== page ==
Newcomers arriving in Nottingham by train are often disappointed that the squat box perched above the railway line does not resemble their idea of Nottingham Castle. The reason why it does not look like the Hollywood image are rooted in some significant events of English history.
The Castle was the site where Charles I raised his standard at the start of the English Civil War. Victor's justice meant that the mediaeval castle was slighted (effectively demolished) soon after the end of the Civil War. In it's place the Duke of Newcastle built a 'palace ... [which] looks ... as if it stood in north Italy or Praque" (Pevsner (1979: 226), Buildings of Nottinghamshire).
In 1831 this building was burnt to a shell during the Reform Act Riots, and remained as such until 1875, when the building was restored as one of the earliest municipal museums in Britain.
I'd always known about this event, but knew little of the detail. I therefore persuaded my father to join me on a guided walk about the tumultuous days of 1831. The walk was organised by People's Histreh a group of local people interested in radical history.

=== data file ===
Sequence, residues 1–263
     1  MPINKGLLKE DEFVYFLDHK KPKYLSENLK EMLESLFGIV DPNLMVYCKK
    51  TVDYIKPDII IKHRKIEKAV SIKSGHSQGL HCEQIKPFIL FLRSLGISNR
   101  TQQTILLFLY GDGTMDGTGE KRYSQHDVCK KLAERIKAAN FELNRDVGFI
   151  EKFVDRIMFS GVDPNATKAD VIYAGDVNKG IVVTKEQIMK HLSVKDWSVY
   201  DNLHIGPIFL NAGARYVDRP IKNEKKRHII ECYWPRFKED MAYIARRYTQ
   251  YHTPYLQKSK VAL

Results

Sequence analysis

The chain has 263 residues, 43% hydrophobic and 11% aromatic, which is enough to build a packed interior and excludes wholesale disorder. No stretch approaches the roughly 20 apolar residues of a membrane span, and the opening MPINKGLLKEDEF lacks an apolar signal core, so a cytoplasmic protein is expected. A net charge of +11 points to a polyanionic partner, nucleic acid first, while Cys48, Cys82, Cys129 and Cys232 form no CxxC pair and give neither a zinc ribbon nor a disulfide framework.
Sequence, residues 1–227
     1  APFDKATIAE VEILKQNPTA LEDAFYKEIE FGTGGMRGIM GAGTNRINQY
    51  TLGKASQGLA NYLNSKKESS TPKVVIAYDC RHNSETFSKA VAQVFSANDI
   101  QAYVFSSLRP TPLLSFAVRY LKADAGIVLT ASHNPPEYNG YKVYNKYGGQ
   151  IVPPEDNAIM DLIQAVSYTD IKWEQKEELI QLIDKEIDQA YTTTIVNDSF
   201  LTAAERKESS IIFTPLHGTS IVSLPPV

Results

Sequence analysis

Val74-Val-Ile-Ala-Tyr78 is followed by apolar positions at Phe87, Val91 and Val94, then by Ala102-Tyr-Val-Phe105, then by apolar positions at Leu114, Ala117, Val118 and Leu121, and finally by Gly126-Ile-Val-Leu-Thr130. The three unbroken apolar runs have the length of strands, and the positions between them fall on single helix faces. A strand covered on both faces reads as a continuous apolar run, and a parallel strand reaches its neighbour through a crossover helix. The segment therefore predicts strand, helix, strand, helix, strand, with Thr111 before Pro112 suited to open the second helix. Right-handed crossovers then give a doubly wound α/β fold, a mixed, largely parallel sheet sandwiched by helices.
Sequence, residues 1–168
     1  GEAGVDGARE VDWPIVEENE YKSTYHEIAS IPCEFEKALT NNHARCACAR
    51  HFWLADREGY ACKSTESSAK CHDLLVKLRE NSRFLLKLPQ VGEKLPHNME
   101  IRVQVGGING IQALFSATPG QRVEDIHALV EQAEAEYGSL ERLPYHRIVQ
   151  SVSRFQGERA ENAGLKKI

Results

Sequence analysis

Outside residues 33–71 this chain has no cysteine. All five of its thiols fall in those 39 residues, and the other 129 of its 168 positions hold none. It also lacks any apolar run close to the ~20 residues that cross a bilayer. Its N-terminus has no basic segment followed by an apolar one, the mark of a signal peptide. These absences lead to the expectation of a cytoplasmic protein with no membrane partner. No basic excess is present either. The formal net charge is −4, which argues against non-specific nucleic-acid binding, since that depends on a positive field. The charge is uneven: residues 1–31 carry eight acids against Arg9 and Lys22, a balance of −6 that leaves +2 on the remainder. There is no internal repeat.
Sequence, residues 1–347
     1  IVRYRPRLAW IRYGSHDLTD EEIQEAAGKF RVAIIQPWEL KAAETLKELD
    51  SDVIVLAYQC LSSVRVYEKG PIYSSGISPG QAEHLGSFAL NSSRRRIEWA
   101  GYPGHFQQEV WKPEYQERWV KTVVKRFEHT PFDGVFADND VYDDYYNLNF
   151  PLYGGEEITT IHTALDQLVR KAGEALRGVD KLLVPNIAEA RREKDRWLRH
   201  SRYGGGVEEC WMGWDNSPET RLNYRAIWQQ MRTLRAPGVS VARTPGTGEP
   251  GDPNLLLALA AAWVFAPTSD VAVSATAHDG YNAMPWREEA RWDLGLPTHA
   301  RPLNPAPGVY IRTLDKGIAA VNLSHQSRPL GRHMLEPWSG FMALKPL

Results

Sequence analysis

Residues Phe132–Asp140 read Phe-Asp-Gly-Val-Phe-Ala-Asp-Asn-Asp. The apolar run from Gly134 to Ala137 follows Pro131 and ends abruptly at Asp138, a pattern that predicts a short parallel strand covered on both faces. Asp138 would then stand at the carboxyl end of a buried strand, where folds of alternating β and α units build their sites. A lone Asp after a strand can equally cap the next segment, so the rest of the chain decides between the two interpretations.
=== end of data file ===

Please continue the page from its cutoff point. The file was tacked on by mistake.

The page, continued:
We joined the group outside St. Peter's Church on the May Bank Holiday of 2011. To keep us together someone had a large loaf impaled on a stick. Apparently this was one of the codes that a riot was impending. Another signal was to grab whole cheeses off market stalls and roll them in the street. (Nottingham had a "Great Cheese Riot" in 1766).
The route followed is shown above. Abbreviated audio of the talks given can be found here and here on Youtube. The embedded video gives feel for what the walk was like, with the early part of the talk by Phillip,an excellent guide.
One of the advantages of failing to finish writing blog posts is that one event overtakes another. In August 2011, Nottingham, like many other English towns, had sporadic events of rioting. At the time I mapped the locations of people brought before the courts for offences connected with rioting:
See full screen
I'm not sure that any specific lessons can be learned from this plot: locations of riot damage might make it more informative. Unfortunately I don't have either the data or a useful map of 1831 to do something equivalent for the Reform Act Riot.
My impression is that people had travelled quite a distance from their home addresses to the places where riotous events took place. Earlier riots in Nottingham, such as those of 1981 in Hyson Green were much more localised.
In the area of Zurich where I used to live (Kreis 4, Aussersihl) it is still traditional to have a riot every 1st of May. Sensible people get out of town.
The 2011 riots in England were seen as an exceptional event motivated by "sheer criminality". However, any serious consideration of riots must take them as a recurrent feature of any urban environment: whether they be motivated by poverty, political unrest, or the dynamics of crowds.